• Day
  • Symbol
  • BUY or SELL
  • Number of Shares

For example:

2008, 12, 3, AAPL, BUY, 130 2008, 12, 8, AAPL, SELL, 130 2008, 12, 5, IBM, BUY, 50

Your simulator should calculate the total value of the portfolio for each day using adjusted closing prices (cash plus value of equities) and print the result to the file values.csv. The contents of the values.csv file should look something like this:

2008, 12, 3, 1000000 2008, 12, 4, 1000010 2008, 12, 5, 1000250 ...

Part 2: Create a portfolio analysis tool, analyze.py, that takes a command line like this:

python analyze.py values.csv \$SPX

The tool should read in the daily values (cumulative portfolio value) from values.csv and plot them. It should use the symbol on the command line as a benchmark for comparison (in this case $SPX). Using this information, analyze.py should:

  • Plot the price history over the trading period.
  • Your program should also output:
    • Standard deviation of daily returns of the total portfolio
    • Average daily return of the total portfolio
    • Sharpe ratio (Always assume you have 252 trading days in an year. And risk free rate = 0) of the total portfolio
    • Cumulative return of the total portfolio

Orders files to run your code on

Grab this zip file to get the input files to run your code against: media:orders-files.zip

Short example to check your code

Here is a very very short example that you can use to check your code. Assuming a 1,000,000 starting cash and the orders file orders-short.csv:

The orders file:

2011,1,05,AAPL,Buy,1500, 2011,1,20,AAPL,Sell,1500,

The daily value of the portfolio (spaces added to help things line up):

2011, 1, 5, 1000000 2011, 1, 6, 999595 2011, 1, 7, 1003165 2011, 1, 10, 1012630 2011, 1, 11, 1011415 2011, 1, 12, 1015570 2011, 1, 13, 1017445 2011, 1, 14, 1021630 2011, 1, 18, 1009930 2011, 1, 19, 1007230 2011, 1, 20, 998035

For reference, here are the adjusted close values for AAPL on the relevant days:

2011-01-05 16:00:00 332.57 2011-01-06 16:00:00 332.30 2011-01-07 16:00:00 334.68 2011-01-10 16:00:00 340.99 2011-01-11 16:00:00 340.18 2011-01-12 16:00:00 342.95 2011-01-13 16:00:00 344.20 2011-01-14 16:00:00 346.99 2011-01-18 16:00:00 339.19 2011-01-19 16:00:00 337.39 2011-01-20 16:00:00 331.26

The full results:

Details of the Performance of the portfolio : Data Range : 2011-01-05 16:00:00 to 2011-01-20 16:00:00 Sharpe Ratio of Fund : -0.449182051041 Sharpe Ratio of $SPX : 0.88647463107 Total Return of Fund : 0.998035 Total Return of $SPX : 1.00289841449 Standard Deviation of Fund : 0.00573613516299 Standard Deviation of $SPX : 0.00492987789459 Average Daily Return of Fund : -0.000162308588036 Average Daily Return of $SPX : 0.000275297459588

More comprehensive examples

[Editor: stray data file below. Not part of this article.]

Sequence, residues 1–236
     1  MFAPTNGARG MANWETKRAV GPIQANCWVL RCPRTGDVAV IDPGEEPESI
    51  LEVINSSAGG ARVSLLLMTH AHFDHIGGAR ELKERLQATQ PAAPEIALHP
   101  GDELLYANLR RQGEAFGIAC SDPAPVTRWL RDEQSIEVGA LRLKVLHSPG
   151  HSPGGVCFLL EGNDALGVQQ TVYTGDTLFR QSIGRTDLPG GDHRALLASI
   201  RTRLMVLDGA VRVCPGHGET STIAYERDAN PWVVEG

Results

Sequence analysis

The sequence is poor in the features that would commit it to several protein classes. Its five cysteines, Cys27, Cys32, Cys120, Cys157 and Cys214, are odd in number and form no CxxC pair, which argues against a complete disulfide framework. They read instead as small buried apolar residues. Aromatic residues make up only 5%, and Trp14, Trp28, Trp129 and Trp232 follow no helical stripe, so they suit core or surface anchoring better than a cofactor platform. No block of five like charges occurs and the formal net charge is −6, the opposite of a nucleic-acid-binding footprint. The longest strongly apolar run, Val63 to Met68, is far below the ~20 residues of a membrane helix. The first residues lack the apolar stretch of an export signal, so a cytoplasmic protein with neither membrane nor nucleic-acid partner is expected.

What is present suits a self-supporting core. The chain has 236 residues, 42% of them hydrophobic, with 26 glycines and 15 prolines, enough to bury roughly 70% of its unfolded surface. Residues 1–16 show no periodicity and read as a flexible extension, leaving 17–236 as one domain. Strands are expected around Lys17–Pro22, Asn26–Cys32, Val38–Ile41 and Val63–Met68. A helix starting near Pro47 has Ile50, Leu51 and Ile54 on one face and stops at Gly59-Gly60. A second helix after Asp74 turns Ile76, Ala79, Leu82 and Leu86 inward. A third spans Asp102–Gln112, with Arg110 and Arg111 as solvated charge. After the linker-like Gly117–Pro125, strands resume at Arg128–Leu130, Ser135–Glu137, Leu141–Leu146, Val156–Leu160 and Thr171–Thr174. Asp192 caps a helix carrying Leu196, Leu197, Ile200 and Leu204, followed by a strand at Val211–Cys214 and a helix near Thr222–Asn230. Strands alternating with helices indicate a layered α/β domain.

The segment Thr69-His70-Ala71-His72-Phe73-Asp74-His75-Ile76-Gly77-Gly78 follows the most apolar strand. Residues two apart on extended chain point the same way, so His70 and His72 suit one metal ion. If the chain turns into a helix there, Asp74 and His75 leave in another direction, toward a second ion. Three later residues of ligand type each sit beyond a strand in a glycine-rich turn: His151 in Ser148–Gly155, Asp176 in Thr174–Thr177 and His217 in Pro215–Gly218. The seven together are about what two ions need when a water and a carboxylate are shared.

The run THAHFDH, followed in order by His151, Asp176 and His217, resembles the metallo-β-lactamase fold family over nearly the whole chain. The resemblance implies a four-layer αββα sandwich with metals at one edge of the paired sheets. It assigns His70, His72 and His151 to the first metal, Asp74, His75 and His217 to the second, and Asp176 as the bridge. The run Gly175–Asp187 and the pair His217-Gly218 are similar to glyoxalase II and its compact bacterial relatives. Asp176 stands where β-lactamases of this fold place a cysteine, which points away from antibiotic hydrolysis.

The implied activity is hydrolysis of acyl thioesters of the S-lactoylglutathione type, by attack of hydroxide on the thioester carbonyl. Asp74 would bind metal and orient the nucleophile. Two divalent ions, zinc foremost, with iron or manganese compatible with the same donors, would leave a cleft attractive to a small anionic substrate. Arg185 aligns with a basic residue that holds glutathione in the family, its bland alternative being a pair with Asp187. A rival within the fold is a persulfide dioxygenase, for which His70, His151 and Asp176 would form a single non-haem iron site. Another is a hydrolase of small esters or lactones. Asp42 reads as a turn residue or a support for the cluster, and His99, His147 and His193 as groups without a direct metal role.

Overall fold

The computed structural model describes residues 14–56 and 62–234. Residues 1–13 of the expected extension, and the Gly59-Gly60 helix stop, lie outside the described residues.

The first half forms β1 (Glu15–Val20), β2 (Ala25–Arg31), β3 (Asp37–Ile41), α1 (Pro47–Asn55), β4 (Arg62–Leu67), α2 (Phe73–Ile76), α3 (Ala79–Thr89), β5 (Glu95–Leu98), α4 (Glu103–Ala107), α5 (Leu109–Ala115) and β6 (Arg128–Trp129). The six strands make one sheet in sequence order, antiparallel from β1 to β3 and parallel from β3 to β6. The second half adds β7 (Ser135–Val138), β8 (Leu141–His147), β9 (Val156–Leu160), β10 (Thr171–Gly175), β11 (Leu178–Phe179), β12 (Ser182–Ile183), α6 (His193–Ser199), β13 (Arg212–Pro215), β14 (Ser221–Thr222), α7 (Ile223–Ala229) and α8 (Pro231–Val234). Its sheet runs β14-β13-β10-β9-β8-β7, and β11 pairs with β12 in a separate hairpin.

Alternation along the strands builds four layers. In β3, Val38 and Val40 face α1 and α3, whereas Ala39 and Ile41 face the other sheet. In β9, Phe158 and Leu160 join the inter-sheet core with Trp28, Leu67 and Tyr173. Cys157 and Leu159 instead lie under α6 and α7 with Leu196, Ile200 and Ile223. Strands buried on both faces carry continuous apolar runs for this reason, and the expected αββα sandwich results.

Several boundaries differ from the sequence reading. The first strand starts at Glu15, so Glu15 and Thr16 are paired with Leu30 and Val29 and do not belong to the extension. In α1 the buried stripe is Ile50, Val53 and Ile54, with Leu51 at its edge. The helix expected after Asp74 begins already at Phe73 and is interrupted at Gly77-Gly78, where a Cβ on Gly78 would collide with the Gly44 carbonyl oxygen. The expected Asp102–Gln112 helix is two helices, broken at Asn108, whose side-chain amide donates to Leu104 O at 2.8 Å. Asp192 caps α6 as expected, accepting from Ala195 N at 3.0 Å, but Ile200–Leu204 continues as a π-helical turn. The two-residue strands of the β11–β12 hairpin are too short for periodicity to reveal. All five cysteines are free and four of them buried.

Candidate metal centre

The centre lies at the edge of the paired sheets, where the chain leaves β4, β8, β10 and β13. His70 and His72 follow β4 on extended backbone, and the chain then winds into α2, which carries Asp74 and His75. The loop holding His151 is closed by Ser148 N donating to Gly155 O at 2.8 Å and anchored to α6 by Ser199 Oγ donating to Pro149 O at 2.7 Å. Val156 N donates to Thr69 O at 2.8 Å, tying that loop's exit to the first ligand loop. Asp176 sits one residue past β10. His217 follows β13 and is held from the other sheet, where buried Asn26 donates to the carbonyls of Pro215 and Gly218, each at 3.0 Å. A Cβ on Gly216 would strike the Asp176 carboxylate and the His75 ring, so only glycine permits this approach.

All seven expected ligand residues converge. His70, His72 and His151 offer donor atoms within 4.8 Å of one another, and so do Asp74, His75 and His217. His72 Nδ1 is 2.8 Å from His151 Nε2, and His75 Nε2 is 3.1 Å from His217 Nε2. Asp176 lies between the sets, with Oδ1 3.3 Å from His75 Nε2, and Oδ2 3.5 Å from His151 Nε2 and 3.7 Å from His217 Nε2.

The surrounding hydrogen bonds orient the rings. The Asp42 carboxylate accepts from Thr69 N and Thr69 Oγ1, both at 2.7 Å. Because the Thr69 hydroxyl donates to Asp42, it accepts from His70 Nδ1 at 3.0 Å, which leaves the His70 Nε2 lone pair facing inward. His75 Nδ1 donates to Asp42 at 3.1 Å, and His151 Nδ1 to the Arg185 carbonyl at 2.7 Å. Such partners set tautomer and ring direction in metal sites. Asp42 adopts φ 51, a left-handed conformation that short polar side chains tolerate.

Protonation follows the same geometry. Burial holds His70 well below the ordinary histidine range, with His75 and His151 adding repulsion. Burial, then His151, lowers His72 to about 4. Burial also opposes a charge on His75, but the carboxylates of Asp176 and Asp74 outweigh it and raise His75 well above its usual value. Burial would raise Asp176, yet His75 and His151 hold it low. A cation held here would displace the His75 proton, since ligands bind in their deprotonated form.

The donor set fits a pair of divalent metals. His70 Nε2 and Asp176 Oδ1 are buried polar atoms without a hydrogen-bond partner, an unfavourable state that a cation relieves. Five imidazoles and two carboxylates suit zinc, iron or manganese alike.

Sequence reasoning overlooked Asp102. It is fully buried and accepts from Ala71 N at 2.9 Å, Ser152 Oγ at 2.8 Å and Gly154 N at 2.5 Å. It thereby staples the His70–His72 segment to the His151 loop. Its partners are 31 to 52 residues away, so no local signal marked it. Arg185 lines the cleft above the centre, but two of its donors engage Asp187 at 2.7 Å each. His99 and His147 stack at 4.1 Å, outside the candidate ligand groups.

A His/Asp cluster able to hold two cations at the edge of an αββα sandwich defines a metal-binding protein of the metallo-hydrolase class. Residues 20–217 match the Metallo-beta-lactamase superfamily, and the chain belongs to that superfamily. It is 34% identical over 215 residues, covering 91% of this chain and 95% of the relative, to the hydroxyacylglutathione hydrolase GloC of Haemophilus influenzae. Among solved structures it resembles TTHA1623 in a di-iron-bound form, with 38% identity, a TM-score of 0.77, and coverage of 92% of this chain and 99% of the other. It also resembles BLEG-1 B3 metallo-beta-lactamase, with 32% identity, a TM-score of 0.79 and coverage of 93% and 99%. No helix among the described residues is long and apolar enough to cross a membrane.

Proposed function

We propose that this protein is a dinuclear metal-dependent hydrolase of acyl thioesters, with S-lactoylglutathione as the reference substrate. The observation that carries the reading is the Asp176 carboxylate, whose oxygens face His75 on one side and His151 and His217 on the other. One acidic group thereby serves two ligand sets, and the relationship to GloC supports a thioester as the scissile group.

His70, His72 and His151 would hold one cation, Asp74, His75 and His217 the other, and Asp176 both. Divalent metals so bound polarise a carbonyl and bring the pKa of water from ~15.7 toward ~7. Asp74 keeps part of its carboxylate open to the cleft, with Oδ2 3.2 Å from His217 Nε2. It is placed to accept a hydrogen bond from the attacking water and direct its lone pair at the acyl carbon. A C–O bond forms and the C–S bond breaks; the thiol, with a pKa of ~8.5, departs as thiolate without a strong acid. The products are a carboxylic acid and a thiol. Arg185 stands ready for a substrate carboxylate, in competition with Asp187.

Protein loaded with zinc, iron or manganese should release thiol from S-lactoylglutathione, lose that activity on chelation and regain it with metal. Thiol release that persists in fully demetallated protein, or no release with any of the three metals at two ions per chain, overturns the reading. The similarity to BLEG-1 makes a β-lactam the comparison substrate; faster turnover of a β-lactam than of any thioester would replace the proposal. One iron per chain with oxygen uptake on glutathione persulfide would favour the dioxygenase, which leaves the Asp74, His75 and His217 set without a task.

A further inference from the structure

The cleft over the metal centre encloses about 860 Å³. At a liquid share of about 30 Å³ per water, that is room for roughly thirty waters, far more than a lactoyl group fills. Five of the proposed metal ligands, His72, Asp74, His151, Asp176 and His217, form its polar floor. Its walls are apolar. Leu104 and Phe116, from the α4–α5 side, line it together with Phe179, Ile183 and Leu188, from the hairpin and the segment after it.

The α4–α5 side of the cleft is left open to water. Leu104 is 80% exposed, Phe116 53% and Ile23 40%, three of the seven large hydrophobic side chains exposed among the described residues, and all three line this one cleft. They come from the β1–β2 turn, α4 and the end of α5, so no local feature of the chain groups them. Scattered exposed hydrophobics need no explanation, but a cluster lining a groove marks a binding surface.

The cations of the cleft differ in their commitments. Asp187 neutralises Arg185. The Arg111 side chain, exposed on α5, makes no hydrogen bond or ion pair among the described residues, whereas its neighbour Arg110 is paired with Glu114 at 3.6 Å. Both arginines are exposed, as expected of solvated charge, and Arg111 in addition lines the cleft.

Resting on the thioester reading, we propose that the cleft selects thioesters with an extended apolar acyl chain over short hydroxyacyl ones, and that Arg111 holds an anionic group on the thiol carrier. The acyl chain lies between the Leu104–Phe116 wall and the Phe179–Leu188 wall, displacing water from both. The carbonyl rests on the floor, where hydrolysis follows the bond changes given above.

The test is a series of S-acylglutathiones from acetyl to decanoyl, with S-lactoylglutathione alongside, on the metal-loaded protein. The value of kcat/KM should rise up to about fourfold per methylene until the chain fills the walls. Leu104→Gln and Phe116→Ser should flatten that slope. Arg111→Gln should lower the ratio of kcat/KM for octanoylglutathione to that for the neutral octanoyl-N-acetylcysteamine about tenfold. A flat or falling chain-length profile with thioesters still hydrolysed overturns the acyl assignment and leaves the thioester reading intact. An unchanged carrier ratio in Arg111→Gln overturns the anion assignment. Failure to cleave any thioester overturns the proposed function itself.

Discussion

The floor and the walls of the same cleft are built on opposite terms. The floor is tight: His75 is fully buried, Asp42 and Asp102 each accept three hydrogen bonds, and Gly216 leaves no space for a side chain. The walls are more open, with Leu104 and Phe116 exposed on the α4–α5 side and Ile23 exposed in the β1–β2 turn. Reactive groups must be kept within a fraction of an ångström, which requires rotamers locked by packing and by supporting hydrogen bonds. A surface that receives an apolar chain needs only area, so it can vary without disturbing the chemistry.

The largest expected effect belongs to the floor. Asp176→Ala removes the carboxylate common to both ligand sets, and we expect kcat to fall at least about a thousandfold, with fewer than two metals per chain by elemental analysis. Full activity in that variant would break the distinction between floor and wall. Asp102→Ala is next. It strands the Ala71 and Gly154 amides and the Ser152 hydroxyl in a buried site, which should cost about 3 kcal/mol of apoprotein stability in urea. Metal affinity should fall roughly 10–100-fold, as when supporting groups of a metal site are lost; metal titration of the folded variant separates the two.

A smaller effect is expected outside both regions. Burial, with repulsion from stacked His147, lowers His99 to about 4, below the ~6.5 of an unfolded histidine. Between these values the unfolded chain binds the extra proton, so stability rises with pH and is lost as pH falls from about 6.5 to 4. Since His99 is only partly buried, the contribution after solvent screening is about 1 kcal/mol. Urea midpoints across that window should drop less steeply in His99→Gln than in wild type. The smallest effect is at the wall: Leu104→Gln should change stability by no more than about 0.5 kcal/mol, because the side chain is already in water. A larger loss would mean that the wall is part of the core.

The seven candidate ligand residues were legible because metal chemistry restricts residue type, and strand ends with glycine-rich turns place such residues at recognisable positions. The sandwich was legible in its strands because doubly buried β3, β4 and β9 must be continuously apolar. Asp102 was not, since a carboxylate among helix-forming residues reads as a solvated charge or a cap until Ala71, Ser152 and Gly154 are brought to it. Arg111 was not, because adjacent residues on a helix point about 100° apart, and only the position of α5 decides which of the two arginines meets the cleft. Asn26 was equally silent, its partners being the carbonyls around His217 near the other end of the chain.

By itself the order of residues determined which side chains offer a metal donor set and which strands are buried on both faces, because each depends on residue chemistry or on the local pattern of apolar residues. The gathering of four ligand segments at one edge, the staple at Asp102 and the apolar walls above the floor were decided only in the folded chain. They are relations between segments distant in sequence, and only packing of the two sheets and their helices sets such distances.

We provide an example, orders.csv that you can use to test your code, and compare with others. All of these runs assume a starting portfolio of 1000000 ($1M).

The final value of the portfolio using the sample file is -- 2011,12,20,1133860 Details of the Performance of the portfolio : Data Range : 2011-01-10 16:00:00 to 2011-12-20 16:00:00 Sharpe Ratio of Fund : 1.21540462111 Sharpe Ratio of $SPX : 0.0183391412227 Total Return of Fund : 1.13386 Total Return of $SPX : 0.97759401457 Standard Deviation of Fund : 0.00717514512699 Standard Deviation of $SPX : 0.0149090969828 Average Daily Return of Fund : 0.000549352749569 Average Daily Return of $SPX : 1.72238432443e-05


The other sample file is orders2.csv that you can use to test your code, and compare with others.

The final value of the portfolio using the sample file is -- 2011,12,14, 1078753 Details of the Performance of the portfolio Data Range : 2011-01-14 16:00:00 to 2011-12-14 16:00:00 Sharpe Ratio of Fund : 0.788985460132 Sharpe Ratio of $SPX : -0.177204632551 Total Return of Fund : 1.0787526 Total Return of $SPX : 0.937041848381 Standard Deviation of Fund : 0.00708034136287 Standard Deviation of $SPX : 0.0149914504972 Average Daily Return of Fund : 0.000351902965125 Average Daily Return of $SPX : -0.000167347202139

Implementation suggestions & assumptions

In terms of execution prices, you should assume you get the adjusted close price for the day of the trade.

Here are some hints on how to build it: media:marketsim-guidelines.pdf

What to expect when you turn in your assignment (Coursera)

Once you create the tools described above, you will be asked to run specific orders files through your code and then to run the results through your analyze tool to report on various measures such as Sharpe Ratio and Cumulative Return.

Deliverables for on campus GT students

To do: Run your code for the two files orders.csv and orders2.csv. Generate charts for the two runs.

To turn in:

  • The code for your two programs: marketsim.py, analyze.py
  • A report, report.pdf that includes:
    • The 2 charts for the two orders files.
    • Text output of your analysis code.
alt Example chart. $DJI (green) is the benchmark blue is the fund.